New freshman Survey curriculum aims to increase students’ reading interest


Allan Feldman

A photo of English teacher Arantxa Arriada’s freshman Survey of Composition and Literature class. The new curriculum features a larger focus on free reading, a new unit on student-led book clubs and a revised selection of short stories.

The freshman Survey of Composition and Literature curriculum was reworked this year, featuring a larger focus on free reading, a new unit on student-led book clubs and a revised selection of short stories. This comes after the Survey pilot program ended last year, with many of its elements having been integrated into the main curriculum.

The English Department hopes to change the fact that some students may not read assigned texts in classrooms, according to English Department Coordinator Margaret Bennett. The new curriculum is designed to increase the amount spent reading and a love for literature across all students.

“If you want to be a good basketball player, you can’t just think about being a good basketball player,” Bennett said. “You have to touch the ball, dribble, shoot — you have to do the skills. It’s the same thing with reading.”

The pilot program was modeled after educator Penny Kittle’s novel “Book Love: Developing Depth, Stamina, and Passion in Adolescent Readers,” which emphasizes giving students ample time for free reading. The pilot program ran for three years, beginning in the 2017–18 school year, with four English teachers — Margaret Bennett, Carrie Abel, Susana Herrera and Bruce McCormick. By its final year, the program took up a third of all Survey classes.

“I think [free reading] was one of the fun parts of class because you got to read whatever you want,” said junior Stuart Cash, a former student in the pilot program. “With a lot of reading notes, the class showed me what to look for in passages.”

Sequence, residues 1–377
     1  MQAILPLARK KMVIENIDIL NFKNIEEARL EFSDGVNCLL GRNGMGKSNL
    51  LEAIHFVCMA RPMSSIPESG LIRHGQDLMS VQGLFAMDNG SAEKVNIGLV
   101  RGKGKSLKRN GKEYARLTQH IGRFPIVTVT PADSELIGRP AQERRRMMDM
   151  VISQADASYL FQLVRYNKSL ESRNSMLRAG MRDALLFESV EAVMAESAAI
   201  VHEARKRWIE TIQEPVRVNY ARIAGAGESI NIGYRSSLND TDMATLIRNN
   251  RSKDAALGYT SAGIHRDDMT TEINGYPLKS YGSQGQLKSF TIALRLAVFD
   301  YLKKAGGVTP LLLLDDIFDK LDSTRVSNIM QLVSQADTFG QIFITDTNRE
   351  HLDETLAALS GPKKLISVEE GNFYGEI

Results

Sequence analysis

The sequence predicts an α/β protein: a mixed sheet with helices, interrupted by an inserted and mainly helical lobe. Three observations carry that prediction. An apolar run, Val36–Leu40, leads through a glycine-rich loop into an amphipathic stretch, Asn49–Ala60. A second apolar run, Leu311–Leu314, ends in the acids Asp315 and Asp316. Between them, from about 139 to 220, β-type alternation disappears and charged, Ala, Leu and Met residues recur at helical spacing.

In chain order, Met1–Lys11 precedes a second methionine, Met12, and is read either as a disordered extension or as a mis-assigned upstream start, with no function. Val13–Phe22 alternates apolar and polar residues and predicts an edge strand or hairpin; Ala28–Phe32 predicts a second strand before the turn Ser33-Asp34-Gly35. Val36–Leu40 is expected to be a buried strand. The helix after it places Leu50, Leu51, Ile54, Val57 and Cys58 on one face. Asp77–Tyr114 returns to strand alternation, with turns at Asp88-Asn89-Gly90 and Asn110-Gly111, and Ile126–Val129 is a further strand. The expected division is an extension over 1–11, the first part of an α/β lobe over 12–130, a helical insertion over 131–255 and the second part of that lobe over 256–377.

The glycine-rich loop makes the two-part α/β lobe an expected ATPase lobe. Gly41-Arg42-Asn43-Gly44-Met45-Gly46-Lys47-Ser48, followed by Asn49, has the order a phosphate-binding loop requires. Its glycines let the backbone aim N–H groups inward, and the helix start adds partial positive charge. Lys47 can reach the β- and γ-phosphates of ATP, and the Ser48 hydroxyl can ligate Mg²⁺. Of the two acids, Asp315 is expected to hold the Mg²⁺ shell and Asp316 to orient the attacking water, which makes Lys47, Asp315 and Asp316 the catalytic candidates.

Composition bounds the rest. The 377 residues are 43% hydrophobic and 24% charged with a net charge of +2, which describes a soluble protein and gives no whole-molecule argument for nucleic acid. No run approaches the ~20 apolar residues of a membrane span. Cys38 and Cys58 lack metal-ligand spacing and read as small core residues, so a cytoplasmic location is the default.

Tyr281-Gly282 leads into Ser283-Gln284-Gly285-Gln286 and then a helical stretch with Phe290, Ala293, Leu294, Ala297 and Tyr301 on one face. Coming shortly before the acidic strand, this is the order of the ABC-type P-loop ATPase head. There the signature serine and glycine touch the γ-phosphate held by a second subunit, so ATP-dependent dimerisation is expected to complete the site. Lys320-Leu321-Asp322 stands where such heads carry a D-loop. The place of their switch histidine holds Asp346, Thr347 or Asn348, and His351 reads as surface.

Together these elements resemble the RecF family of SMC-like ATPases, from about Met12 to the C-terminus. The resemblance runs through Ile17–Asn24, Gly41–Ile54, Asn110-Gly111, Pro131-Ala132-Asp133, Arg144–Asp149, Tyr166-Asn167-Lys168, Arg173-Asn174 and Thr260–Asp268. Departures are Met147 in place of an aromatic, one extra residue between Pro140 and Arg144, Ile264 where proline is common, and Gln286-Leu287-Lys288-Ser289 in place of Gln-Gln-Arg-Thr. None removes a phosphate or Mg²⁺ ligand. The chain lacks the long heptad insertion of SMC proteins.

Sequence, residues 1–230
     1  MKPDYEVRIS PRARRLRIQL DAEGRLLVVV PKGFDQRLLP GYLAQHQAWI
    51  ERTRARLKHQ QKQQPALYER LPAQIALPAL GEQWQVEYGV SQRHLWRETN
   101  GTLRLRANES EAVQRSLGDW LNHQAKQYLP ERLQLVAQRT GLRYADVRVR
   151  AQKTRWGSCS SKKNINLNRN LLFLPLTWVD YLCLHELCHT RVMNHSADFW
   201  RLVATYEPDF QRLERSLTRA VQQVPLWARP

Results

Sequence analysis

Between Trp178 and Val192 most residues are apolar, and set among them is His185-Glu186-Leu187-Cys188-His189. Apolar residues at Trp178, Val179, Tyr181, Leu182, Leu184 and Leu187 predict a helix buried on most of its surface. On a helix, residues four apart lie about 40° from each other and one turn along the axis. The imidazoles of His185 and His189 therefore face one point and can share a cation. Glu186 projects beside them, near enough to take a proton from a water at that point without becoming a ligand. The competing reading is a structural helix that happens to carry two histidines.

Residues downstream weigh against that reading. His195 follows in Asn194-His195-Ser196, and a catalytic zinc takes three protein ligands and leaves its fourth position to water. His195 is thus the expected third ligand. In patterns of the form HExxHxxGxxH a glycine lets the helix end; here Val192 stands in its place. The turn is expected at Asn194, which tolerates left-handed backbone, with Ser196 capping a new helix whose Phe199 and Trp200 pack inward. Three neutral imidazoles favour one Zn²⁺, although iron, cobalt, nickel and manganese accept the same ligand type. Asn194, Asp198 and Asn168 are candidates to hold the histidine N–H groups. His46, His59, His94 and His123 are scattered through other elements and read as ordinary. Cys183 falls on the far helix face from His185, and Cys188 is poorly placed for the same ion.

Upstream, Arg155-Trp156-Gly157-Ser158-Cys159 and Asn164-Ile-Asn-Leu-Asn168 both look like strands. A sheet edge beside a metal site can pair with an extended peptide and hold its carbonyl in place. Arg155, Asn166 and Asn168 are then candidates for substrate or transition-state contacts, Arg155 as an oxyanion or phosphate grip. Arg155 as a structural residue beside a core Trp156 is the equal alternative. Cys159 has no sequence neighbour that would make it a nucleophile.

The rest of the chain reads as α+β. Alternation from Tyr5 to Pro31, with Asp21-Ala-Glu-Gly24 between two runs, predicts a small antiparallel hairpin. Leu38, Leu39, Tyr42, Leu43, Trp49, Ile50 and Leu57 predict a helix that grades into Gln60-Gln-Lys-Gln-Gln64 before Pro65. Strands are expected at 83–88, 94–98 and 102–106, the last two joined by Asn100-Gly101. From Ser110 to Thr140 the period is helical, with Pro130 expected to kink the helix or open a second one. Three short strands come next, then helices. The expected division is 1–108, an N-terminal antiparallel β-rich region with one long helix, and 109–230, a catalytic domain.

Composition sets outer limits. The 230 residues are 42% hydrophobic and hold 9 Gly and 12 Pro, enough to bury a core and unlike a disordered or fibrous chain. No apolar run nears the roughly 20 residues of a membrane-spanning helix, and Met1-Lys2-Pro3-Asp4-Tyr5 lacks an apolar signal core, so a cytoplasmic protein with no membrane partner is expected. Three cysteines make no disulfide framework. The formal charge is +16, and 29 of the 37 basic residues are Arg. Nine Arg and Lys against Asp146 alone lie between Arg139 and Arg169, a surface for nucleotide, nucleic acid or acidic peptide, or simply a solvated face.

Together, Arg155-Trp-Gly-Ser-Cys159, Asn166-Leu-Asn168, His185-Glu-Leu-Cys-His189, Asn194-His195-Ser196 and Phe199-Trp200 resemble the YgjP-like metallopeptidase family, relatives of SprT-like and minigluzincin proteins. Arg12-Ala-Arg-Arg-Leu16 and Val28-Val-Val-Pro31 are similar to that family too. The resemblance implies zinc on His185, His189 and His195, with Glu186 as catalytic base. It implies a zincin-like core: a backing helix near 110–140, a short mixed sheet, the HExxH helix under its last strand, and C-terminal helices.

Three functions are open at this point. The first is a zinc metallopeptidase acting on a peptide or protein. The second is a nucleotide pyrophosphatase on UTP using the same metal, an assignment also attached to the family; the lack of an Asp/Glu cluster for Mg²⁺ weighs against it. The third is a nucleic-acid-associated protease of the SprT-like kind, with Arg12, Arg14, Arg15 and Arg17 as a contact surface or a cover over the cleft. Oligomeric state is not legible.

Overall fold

Seeing growth among students in the pilot class, the Survey team decided last March to integrate some of the program into the main curriculum. While their plans were pushed back a year due to the COVID-19 pandemic, the revised curriculum is in full force this year.

The first unit, which ran during the first quarter, introduces independent reading to students. At the beginning of the year, students pick their own book and are expected to read 30 minutes at their own pace between classes. As evidence of reading, students take notes and have a teacher-student book conference at the end of the unit.

Freshman Ava Cheng feels that the free reading has been an enjoyable experience, but sees minor flaws in the way it is structured.

“I feel like it would be a great idea if we had more time to pick [and research] a book because the first book I read, I didn’t enjoy that much,” Ava said.

Students also read short stories in the first unit with a larger selection of 25 texts. Each teacher chooses anywhere from two to five short stories to analyze in their classrooms. Many of the texts are new from past years in an effort to develop students’ reading comprehension levels

“We realized that some of the short stories we used to teach that are tried-and-true were now being read in middle schools and so forth,” Bennett said.

For freshman SJ Ly, these short stories have been engaging and teachers are supportive throughout their lessons.

“I actually enjoyed reading the short stories and taking annotations and writing essays,” SJ said.

At the end of the first semester, students will have a poetry unit with an independent reading focus, similar to the previous curriculum.

Second semester will include a new book club unit, where students will pick one book from ten choices and split into smaller groups of students. Each group will have their own reading calendar and discussions, but the unit will also be supplemented by taught material on a theme — such as fear or courage — that students will connect to their own books.

“The book club was highly successful [in the pilot program],” Bennett said. “The kids loved the unit, they really grew on the discussion skills and it was great to see them do the synthesis skills as well.”

Since these groups are ultimately student-guided, there are both benefits and drawbacks, according to Stuart.

“I think the book clubs went pretty well, except a lot of the discussion was hard if somebody didn’t read,” Stuart said.

These new changes to the Survey curriculum don’t mean assigned novels aren’t still a part of the curriculum. Students are currently reading Cristina Henríquez’s “The Book of Unknown Americans,” which is a new addition, and next semester students will read William Shakespeare’s classic “Romeo and Juliet.”

While Bennett and other teachers are supportive of the new curriculum, they are prepared to continue to revise it and adapt to students’ needs.

“This District has a value of continuous improvement,” Bennett said. “We’re constantly reflecting on what we’re doing, how we’re doing it and how it could be better.”